Communication in contrast may also be by means of a code or other form with the relevant information transmitted in encrypted format. The information may be scanned and used to automatically set the postal equipment at the user site to proper settings, both for postage and for usage scheduling, without direct user intervention, thus enhancing security and efficiency.
DESCRIPTION OF THE DRAWINGS
_g_ 2oo5zss The foregoing brief description and summary of the invention will become more apparent from the following more detailed description of the invention, accompanied by the attached figures, wherein:
Figure 1 is a functional block diagram illustrating the relationship between the data center, the U.S. Postal Service, and the local users;
Figure 2 is a more detailed block diagram illustrating a data center.
Figure 3 us a more detailed block diagram illustrating a user station.
Figures 4A, 4B, 5A and 5B are flow charts illustrating the operation of Figures 2 and 3.
With reference to Figure 1, a plurality of user stations designated as U1, U2, ... Un, and identified as 10, 12 and 14 are shown. It will be understood that multiple user stations are possible in excess of the three shown, and that these are shown by way of example only. These stations are coupled by means of an interconnection network, illustrated generally at 16, to the data center 18, which in turn may be appropriately coupled by means of a secure line or the like to the U.S.
Postal Service 20. The data center is a facility run by a commercial operation, such as Pitney Bowes, Inc., the assignee of the present invention. Each of the blocks 10, 12, 14, 18 and 20 contemplate the use of data processing components, each appropriately interlinked by means of high speed telecommunication links or the like for the ~00~~66 purposes of exchanging information. It is also contemplated within the scope of the invention that the U.S. Postal Service will maintain an appropriate computer facility, not otherwise de-scribed herein, which will possess the capability of uploading and downloading specific pieces of information upon request by the data center, and relating to appropriate postal rules and regulations which will effect the use of certain discounts in mailing postal rates, as well as other factors necessary for the concept of shared work services which will be certified by each of the individual user stations in order to qualify for reduced rate requirements when mail is received in the U.S. Postal Ser-vice facilities. The communication link is also contemplated as a two-way link between units 18 and 20, wherein the U.S. Postal Service will have the capability of monitoring specific opera-tions within the data center in order to ensure that the data center is operational in accordance with rules and requirements which may be imposed by the Postal Service from time to time.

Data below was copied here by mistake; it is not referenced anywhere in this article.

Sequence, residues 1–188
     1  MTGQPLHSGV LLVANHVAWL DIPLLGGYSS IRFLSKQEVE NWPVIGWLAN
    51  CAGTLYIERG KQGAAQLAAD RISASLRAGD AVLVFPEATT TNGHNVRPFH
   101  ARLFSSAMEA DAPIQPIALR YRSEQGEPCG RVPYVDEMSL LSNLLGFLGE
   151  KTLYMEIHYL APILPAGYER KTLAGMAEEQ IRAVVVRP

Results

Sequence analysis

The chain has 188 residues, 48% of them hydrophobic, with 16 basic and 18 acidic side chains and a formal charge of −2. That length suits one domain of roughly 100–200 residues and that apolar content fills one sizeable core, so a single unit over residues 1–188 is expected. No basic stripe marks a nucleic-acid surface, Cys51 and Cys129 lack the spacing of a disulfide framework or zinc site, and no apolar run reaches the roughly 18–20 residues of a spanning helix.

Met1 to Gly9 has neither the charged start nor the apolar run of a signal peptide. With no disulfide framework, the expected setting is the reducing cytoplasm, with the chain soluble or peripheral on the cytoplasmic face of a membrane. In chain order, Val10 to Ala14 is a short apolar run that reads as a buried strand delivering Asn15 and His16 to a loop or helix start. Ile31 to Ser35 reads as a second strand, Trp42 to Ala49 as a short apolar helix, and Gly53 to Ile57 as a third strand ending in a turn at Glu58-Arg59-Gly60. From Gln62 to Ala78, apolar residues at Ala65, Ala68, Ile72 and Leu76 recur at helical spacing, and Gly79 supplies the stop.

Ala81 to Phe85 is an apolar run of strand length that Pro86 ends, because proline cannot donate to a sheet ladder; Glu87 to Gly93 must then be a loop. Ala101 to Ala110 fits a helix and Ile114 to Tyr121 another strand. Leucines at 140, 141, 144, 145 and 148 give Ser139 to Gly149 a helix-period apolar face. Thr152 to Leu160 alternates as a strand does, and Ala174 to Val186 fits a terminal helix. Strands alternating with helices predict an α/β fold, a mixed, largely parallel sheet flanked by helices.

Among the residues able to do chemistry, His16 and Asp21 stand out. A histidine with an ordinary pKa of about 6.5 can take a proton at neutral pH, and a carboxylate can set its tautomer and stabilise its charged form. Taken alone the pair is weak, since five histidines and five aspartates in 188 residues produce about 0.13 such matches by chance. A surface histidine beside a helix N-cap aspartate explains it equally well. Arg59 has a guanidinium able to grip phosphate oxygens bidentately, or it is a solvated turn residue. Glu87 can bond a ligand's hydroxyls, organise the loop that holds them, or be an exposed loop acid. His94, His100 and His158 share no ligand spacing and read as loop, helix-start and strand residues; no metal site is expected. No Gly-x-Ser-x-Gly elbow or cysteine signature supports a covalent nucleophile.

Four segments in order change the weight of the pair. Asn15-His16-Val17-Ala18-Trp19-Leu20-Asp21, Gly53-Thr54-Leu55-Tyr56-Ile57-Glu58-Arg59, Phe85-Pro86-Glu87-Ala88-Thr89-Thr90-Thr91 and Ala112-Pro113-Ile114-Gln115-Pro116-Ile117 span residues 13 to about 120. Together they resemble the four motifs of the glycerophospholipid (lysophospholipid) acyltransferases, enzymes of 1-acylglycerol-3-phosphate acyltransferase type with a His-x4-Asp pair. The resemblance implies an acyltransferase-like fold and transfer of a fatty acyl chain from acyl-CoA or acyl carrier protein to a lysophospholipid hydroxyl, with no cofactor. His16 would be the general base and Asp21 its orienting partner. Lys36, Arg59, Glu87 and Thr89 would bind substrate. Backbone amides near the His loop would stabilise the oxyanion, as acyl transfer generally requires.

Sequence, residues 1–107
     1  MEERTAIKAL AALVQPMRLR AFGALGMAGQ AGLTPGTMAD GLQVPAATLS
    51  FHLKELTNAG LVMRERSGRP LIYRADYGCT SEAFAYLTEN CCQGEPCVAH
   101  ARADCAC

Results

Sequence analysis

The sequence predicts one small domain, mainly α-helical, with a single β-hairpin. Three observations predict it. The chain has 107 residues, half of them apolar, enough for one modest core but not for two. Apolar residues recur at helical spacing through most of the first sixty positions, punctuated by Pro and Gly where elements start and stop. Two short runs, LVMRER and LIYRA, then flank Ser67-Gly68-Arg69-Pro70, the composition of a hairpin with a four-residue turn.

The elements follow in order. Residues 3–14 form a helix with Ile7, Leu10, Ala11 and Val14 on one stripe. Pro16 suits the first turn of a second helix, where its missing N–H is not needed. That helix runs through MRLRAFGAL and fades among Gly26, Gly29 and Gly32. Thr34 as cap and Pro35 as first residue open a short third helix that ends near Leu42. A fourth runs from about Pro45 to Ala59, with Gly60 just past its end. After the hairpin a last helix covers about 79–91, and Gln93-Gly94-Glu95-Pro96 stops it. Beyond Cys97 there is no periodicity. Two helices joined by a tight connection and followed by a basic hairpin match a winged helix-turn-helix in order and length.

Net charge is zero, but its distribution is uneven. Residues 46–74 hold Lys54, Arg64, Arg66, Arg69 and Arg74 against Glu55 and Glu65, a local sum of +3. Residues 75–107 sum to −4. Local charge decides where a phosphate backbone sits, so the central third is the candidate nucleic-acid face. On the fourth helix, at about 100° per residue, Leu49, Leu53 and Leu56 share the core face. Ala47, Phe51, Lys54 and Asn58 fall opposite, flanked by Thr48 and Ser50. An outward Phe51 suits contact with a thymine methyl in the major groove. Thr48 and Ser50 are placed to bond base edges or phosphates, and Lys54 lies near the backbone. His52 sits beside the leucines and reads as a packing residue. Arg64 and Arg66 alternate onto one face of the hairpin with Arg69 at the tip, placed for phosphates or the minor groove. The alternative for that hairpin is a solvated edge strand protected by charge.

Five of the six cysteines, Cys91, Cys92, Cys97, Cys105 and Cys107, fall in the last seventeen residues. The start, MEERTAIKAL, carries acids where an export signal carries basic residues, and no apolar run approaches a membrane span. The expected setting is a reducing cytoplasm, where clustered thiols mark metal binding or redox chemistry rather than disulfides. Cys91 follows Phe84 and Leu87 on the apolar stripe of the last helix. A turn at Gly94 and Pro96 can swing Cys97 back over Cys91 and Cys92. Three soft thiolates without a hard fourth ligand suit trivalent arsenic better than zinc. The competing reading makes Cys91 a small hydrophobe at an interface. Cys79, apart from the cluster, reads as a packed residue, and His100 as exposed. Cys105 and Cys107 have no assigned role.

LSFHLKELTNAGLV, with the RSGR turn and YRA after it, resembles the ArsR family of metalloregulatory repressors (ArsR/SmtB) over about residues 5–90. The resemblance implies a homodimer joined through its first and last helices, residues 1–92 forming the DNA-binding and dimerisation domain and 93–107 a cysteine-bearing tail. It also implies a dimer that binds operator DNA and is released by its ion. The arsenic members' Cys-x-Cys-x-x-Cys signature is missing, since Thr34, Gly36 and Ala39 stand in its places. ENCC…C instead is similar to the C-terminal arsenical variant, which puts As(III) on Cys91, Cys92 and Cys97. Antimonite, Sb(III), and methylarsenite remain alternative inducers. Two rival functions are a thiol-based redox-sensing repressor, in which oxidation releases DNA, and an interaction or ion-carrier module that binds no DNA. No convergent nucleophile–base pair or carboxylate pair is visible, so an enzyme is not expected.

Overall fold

The monitoring operation is a periodic unscheduled communication link examination of certain storage areas of accessed memory locations for confirming proper operations. Of course, visual on site inspections and examinations may also be made.
With reference to Figure 2, a more detailed functional component relationship of the data center is illustrated. Thus, the data center includes a first data channel 30 which includes a CPU 32 having a program memory 34, a keyboard 36 and an ap-propriate display 38 coupled thereto. Data communication link 40 ~UU~~:6h interconnects CPU 32 to the U.S. Postal Service 20. The user units 10 are coupled via appropriate telecommunication data links 42 to a second data channel 44 which includes a CPU 46, a program memory 48, a keyboard 50 and an appropriate display 52. The CPU
is coupled to the data links 42 by means of a multi-channel I/O
device 54 capable of high speed data communication.
In operation, two-way communication between the data channel 30 and the U.S. Postal Service 20 provides a continuous interchange of information regarding updates of U.S. Postal Ser-vice rules and regulations required for the continuous certifica-tion use by the local users 10. In addition, the data channel 30 may also be manually interrogated by means of keyboard 36 for in-quiring of the Postal Service for specific information which may be employed with regard to compliance with certifications, the answering of specific data questions, or other uses requiring specific interrogation by means of the central station to the U.S. Postal Service. Since the U.S. Postal Service link is a two-way communication over channel line 40, it is possible through this link for the U.S. Postal Service to interrogate and monitor the operation of the first data channel 30 and the second data channel 44, for compliance with quality control and other security compliances which may be required by the U.S. Postal Service.